• U.S., UK, Canada to Announce Coordinated Sanctions on Iran - Kirit Radia
    The U.S. and its British and Canadian allies are preparing to roll out a coordinated set of sanctions against Iran on Monday amid growing concern that Tehran is pursuing a nuclear weapon, sources tell ABC News. U.S. officials say they target Iran's nuclear sector as well as plugging key gaps that have allowed Iran to work around existing sanctions on its energy and financial sectors. EU ministers are to meet on Dec. 1 to consider their own sanctions.
        The Treasury Department, meanwhile, is expected to issue a finding that the Iranian financial system is a "jurisdiction of primary money laundering concern." This enables the Secretary of the Treasury to require American banks to conduct additional reporting to ensure their corresponding foreign accounts are not indirectly dealing with Iran. That extra vigilance, officials say, will have a cascade effect where foreign financial institutions are more reluctant to do business with Iran. (ABC News)
        See also U.S.: Iran Facing "Unprecedented" Isolation over Nuclear Program - Nusa Dua
    The White House said on Saturday that Iran is facing an unprecedented degree of isolation, with major world powers united in their opposition to Tehran getting a nuclear weapon. "Russia, China, and the United States, I can tell you, share a similar goal, and that is to not see the Iranians move toward the development of nuclear weapons," U.S. national security adviser Tom Donilon said. (Reuters)
  • Iranian Commander Died During Missile Testing, Brother Says - Thomas Erdbrink
    A mysterious explosion at an Iranian military base last week was caused when a test of an experimental intercontinental ballistic missile failed, the brother of a senior Revolutionary Guard Corps commander who was killed in the incident said Saturday. Gen. Hassan Tehrani Moqadam, who was killed Nov. 12, has been called the "founder" of Iran's missile program. His brother, Mohammad Tehrani Moqadam, also a Guard officer, told the official government newspaper Iran on Saturday that the commander had also founded the missile unit of the Lebanese Hizbullah. (Washington Post)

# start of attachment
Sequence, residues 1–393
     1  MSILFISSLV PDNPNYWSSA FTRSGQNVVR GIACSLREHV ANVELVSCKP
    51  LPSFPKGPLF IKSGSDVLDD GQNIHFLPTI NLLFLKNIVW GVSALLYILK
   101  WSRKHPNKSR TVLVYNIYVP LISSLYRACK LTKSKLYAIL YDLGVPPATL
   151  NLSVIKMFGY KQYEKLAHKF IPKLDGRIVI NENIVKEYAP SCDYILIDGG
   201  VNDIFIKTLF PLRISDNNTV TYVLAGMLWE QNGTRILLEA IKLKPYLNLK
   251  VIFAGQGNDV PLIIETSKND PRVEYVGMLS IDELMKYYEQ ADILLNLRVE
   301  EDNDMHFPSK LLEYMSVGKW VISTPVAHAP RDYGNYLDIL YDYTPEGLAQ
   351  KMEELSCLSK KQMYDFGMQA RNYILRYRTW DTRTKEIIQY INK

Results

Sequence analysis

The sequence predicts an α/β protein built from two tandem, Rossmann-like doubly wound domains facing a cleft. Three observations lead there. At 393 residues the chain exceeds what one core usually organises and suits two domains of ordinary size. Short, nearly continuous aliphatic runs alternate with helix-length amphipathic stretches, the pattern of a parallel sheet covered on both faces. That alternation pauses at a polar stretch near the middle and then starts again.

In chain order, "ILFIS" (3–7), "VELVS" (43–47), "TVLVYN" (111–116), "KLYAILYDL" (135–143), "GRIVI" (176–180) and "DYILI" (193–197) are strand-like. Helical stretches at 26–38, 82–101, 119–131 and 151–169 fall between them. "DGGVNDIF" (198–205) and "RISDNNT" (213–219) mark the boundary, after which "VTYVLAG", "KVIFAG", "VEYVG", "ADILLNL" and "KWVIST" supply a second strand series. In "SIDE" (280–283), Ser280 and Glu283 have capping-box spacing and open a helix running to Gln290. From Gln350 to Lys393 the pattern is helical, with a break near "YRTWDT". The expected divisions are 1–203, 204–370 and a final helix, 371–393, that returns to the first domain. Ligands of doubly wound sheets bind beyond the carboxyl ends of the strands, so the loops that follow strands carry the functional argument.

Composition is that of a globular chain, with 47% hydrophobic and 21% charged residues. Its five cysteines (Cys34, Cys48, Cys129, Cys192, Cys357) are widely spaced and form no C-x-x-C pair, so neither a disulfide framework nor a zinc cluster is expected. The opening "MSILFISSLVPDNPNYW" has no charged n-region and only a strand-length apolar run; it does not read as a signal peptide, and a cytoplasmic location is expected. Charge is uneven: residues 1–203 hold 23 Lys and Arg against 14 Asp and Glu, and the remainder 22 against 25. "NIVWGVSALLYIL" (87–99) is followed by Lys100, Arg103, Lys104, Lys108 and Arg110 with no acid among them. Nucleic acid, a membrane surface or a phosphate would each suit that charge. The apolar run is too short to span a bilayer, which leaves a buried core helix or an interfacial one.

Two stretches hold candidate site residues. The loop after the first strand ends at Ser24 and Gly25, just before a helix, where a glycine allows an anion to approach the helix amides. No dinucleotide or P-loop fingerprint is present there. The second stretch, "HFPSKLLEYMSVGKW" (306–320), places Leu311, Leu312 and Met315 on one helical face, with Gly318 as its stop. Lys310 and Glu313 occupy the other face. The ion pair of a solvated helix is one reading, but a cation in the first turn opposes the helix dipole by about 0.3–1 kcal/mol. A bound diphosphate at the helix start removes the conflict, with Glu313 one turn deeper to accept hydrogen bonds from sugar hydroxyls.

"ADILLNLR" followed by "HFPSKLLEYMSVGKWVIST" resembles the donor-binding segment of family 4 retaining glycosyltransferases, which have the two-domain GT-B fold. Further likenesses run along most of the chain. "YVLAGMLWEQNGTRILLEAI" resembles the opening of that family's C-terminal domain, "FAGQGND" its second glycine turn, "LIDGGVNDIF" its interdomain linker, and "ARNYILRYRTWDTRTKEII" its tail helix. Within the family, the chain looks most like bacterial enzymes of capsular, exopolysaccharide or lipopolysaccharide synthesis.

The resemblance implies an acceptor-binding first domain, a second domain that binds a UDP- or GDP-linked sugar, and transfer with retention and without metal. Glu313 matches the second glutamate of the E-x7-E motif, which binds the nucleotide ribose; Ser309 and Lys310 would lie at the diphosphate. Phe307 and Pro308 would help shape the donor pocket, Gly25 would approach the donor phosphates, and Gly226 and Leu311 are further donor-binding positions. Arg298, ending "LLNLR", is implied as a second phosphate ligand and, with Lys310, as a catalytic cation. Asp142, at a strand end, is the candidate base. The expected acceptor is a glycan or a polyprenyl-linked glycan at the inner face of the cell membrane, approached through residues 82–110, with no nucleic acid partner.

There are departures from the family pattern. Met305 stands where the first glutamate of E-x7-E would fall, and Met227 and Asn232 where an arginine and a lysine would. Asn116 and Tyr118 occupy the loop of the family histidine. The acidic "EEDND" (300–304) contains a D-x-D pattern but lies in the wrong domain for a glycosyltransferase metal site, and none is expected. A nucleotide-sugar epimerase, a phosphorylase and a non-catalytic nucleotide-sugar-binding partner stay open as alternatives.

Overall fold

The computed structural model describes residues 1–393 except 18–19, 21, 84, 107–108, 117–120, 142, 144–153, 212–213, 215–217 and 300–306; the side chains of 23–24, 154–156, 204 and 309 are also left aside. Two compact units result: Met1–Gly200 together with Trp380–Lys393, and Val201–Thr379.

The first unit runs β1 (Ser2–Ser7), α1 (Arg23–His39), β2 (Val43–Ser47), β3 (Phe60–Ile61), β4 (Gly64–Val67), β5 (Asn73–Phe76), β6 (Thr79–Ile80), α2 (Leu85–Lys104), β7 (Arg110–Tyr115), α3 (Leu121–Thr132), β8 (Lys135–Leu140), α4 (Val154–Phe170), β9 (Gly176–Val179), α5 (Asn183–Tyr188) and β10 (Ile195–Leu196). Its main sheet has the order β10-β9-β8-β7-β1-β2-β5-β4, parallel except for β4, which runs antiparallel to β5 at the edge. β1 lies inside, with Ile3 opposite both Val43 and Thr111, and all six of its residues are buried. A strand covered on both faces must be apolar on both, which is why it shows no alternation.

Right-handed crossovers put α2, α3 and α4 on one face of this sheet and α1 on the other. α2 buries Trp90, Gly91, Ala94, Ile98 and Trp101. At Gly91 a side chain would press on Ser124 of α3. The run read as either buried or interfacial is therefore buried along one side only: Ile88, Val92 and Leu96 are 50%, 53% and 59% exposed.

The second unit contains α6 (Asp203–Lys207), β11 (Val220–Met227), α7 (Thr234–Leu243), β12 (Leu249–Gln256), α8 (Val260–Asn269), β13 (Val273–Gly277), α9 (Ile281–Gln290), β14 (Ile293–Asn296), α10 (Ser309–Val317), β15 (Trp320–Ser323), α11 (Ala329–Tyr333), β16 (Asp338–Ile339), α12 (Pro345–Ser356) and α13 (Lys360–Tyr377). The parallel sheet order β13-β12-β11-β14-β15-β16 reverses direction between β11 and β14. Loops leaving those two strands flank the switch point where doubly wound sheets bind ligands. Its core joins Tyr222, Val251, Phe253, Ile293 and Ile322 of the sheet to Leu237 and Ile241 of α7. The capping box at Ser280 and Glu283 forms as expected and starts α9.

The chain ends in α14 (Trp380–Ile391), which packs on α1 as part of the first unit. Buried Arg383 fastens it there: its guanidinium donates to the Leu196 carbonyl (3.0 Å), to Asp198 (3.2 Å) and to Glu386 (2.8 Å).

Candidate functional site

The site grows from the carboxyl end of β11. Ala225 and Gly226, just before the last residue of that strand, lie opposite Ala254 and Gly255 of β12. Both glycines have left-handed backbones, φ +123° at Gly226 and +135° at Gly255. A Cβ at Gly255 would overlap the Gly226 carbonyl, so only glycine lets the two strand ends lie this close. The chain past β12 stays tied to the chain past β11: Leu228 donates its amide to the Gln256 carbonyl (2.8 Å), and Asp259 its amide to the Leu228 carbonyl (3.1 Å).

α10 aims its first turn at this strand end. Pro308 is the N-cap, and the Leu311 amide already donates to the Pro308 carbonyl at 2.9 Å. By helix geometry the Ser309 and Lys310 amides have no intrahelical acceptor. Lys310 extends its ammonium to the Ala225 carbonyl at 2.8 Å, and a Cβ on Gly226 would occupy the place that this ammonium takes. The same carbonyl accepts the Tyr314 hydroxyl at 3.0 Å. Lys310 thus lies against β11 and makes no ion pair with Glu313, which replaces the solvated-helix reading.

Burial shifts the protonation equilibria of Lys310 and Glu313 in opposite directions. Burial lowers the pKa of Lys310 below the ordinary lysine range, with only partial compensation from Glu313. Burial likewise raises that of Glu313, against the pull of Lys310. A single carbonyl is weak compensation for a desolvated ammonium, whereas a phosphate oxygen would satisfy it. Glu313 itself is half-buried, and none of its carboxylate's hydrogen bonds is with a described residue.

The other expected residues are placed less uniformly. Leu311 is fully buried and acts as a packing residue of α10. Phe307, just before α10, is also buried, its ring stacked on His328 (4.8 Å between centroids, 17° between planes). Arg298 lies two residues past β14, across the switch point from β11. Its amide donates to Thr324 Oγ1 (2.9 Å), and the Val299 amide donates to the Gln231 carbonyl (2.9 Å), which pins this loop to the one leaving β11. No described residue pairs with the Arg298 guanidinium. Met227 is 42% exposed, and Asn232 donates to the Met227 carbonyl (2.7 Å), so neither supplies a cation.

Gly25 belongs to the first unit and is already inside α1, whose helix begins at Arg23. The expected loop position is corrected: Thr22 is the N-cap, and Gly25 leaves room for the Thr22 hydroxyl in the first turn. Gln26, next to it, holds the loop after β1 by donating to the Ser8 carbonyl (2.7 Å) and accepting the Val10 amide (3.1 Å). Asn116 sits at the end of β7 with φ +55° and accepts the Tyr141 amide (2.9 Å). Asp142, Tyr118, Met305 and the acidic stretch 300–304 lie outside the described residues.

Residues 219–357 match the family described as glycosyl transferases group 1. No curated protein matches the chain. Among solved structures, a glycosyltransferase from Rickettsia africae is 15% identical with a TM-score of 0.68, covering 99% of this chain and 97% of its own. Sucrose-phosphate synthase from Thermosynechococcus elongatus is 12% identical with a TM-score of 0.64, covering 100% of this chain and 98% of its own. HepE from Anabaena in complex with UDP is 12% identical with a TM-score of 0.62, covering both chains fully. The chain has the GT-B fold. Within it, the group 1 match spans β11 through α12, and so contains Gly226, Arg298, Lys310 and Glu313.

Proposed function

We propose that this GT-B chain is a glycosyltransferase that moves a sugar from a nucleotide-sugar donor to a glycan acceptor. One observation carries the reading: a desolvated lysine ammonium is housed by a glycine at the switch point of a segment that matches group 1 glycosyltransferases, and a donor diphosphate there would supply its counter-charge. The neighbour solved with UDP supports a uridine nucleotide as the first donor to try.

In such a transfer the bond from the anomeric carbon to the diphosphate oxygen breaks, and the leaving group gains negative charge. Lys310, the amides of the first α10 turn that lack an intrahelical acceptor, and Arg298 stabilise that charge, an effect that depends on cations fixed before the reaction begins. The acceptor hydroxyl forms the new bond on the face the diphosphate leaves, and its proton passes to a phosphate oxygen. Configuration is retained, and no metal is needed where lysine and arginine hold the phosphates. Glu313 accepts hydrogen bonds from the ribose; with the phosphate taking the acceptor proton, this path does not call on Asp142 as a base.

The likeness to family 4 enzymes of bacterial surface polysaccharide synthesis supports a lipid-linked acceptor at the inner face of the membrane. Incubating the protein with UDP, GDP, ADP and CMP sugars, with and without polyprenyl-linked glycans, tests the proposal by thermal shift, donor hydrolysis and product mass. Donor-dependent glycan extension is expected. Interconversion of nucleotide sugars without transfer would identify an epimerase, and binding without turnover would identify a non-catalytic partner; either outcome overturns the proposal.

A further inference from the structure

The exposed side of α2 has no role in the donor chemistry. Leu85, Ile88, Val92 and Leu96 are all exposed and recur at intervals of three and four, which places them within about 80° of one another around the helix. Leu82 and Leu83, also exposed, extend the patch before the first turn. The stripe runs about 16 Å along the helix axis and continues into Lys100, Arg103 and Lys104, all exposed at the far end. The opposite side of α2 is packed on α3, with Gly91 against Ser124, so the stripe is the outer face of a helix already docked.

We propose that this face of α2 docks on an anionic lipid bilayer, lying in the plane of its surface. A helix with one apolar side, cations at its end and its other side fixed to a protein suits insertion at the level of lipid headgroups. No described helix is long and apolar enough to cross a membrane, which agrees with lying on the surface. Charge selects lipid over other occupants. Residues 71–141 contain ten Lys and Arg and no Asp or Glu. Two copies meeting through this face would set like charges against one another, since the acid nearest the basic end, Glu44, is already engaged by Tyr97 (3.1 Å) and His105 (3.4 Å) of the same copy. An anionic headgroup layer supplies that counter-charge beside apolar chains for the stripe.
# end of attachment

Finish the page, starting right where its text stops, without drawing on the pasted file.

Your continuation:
• Iran May Have Sent Libya Shells for Chemical Weapons - R. Jeffrey Smith, and Joby Warrick and Colum Lynch
    The Obama administration is investigating whether Iran supplied the Libyan government of Moammar Gaddafi with hundreds of special artillery shells for chemical weapons that Libya kept secret for decades, U.S. officials said. The shells, which Libya filled with highly toxic mustard agent, were uncovered in recent weeks by revolutionary fighters at two sites in central Libya. "We are pretty sure we know" the shells were custom-designed and produced in Iran for Libya, said a senior U.S. official.
        The stockpile's existence violates Gaddafi's promises in 2004 to the U.S., Britain and the UN to declare and begin destruction of all of Libya's chemical arms, and it raises new questions about the ability of the world's nations to police such pledges in tightly closed societies. (Washington Post)
  • Egypt: 20 Dead, 1,700 Injured in Clashes - Mohamed Fadel Fahmy
    20 people have died and 1,700 were wounded in two days of clashes between protesters and security forces in Cairo. Thousands have denounced a plan for a constitution that would protect the military from public oversight. (CNN)